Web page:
Some intellectuals are arguing that democracy cannot effectively address climate change–and, indeed, makes it worse–and that what we need to save the planet is to eliminate political freedom and to turn towards a totalitarian government. Others don’t go quite that far, but they hold up as the role model for effective government the People’s Republic of China. (Never mind that China has the worst pollution on the planet!)
After the jump, an excerpt that demonstrates this from a study of the “Sustainability” ideology by the conservative academic organization the National Association of Scholars.
From the National Association of Scholars, Sustaintability: Higher Education’s New Fundamentalism:
David Shearman is an Australian-based leading advocate of sustainability and an emeritus professor of medicine at the University of Adelaide, South Australia. Writing in the book The Climate Change Challenge and the Failure of Democracy with his colleague Joseph Wayne Smith, Shearman comments,
Ecological services have little chance of surviving without tight control by law of human activity affecting the environment. This option would be thought of as totalitarian by today’s free societies, but this may be the only solution for us.
Self-government inevitably falls short, he claims, as men refuse to recognize and prioritize the common good. In fact, democracy proves the worst of all possible forms of government:
The institution of liberal democracy fails to adequately address the challenges of the environmental crisis, and by giving an even greater license to greed and individual self-satisfaction, it is potentially a more environmentally destructive social system than most other systems under which humans have lived.
Plato and Aristotle, along with America’s founding fathers, might share Shearman’s distaste for a pure democratic regime. Plato preferred a natural, virtuous aristocracy while Aristotle praised a polity for its stability; the American founders aimed at a representative republic meant to “refine and enlarge the public view,” as James Madison expressed it in “Federalist No. 10.” But the proper regime for a “sustainable” society, Shearman and Smith argue, is a totalitarian dictatorship. A sustainablegovernment is autocratic and clamps down on that dangerous phenomenon, human freedom, and the opportunity for self-government. The model, Shearman suggests in a blog post, is China:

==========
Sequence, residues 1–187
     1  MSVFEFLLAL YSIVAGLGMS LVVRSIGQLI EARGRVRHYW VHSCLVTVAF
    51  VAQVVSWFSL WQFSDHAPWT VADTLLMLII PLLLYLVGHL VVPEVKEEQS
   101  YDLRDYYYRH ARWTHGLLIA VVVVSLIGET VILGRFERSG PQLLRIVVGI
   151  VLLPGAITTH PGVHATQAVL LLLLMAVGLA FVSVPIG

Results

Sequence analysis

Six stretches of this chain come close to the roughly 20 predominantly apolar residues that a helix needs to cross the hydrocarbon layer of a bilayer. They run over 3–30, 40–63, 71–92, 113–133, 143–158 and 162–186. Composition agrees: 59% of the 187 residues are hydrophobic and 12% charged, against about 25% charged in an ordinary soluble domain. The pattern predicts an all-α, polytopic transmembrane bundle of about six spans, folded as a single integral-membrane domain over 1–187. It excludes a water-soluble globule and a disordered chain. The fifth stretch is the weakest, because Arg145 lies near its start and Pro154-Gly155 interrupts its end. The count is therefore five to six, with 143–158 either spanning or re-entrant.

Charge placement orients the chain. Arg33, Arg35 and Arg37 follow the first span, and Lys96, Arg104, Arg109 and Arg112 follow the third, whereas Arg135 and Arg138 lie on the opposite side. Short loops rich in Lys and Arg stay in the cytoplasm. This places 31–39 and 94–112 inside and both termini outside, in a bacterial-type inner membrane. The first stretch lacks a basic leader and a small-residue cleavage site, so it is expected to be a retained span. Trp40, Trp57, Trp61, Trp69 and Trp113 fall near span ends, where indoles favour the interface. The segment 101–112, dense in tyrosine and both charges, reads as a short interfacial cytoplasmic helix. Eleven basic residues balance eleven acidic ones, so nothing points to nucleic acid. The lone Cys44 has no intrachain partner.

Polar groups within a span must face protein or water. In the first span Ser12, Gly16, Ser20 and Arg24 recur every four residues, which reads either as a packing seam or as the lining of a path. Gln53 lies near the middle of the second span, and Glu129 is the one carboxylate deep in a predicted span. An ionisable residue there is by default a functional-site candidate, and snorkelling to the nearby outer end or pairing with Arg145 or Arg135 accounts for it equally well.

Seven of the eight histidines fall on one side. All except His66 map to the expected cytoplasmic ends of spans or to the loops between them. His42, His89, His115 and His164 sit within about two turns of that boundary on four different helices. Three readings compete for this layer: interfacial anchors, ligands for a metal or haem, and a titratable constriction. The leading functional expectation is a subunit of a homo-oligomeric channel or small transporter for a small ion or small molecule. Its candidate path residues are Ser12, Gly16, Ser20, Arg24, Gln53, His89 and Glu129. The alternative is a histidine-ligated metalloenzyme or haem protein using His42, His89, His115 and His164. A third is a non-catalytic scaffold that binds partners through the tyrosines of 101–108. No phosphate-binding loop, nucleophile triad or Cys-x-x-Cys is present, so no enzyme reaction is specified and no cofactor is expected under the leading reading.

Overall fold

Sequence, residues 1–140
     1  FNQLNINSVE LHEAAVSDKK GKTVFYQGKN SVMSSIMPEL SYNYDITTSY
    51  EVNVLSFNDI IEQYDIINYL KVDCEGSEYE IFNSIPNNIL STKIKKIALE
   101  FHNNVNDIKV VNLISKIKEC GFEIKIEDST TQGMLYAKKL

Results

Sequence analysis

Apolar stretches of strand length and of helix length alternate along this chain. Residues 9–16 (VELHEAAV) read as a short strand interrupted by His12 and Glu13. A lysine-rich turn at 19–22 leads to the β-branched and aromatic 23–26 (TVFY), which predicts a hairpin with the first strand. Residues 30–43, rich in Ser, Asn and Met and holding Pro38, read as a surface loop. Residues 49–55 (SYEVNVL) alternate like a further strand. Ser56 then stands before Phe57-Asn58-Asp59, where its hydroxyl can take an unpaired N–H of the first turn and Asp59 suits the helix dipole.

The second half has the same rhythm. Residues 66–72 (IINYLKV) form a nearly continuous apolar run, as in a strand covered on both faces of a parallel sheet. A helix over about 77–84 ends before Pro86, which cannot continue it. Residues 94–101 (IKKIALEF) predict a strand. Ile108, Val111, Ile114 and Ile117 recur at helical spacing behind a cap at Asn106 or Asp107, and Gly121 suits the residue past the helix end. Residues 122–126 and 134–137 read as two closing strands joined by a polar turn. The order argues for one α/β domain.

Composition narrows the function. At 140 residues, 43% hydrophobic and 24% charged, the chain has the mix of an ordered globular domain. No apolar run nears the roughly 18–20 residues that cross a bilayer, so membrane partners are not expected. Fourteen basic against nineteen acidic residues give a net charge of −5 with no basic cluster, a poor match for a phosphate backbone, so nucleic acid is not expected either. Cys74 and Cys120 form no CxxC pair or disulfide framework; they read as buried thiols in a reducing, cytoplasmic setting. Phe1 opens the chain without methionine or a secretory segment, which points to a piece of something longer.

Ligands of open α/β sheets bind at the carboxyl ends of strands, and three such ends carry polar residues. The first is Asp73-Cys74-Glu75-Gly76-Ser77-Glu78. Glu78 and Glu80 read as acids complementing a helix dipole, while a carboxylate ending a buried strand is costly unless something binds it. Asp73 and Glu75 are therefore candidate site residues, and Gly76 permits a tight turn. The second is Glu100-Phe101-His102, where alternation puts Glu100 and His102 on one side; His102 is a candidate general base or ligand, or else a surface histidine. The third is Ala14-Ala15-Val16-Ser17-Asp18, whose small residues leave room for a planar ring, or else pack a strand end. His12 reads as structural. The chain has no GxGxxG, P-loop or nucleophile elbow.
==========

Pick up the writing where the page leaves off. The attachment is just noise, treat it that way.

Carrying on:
The People’s Republic of China may hold the key to innovative measures that can both arrest the expected surge in emissions from developing countries and provide developed nations with the means to alternative energy. China curbs individual freedom in favour of communal need. The State will implement those measures seen to be in the common good. … Crises call for fast and sure action and an educated Chinese leadership could deliver.
Shearman, to be sure, is a fringe figure. We do not know of other sustainability advocates, at least those who have advanced degrees and reside in academia, who go so far towards explicit advocacy of totalitarian government as the solution to climate change. But Shearman isn’t necessarily that far from the mainstream.
Consider New York Times columnist and best-selling author Thomas L. Friedman. In a series of columns in 2009 and 2010, Friedman argued that the Communist Party in China really does offer an attractive model for addressing global warming. In one column he complained that skeptics in the U.S. had demonized the issue of climate change and had caused the Senate to “scuttle” an energy-climate bill. “While American Republicans were turning climate change into a wedge issue, the Chinese Communists were turning it into a work issue,” Friedman wrote. He quoted the chairwoman of the U.S. China Collaboration on Clean Energy who proudly explained, “There is really no debate about climate change in China.”
Friedman also appeared on Meet the Press on May 23, 2010, saying that he “fantasized” about making America “China for a day,” so that we could “authorize the right solutions” on “everything from the economy to the environment.” He then backed away, saying that “I don’t want to be China for a second.” But, “OK, I want my democracy to work with the same authority, focus and stick-to-itiveness.”
The think tank Reason labeled Friedman’s view “authoritarian envy.” And that is probably what we should take away from both Shearman’s and Friedman’s expostulations. They and many other global warming alarmists are frustrated that the broader public and the duly elected legislatures in the U.S., U.K., Australia, and other nations have not embraced their cause. They imagine—with rather different degrees of self-awareness—that bypassing the structures of self-governance in favor of coercive authority would provide the “answers” they seek.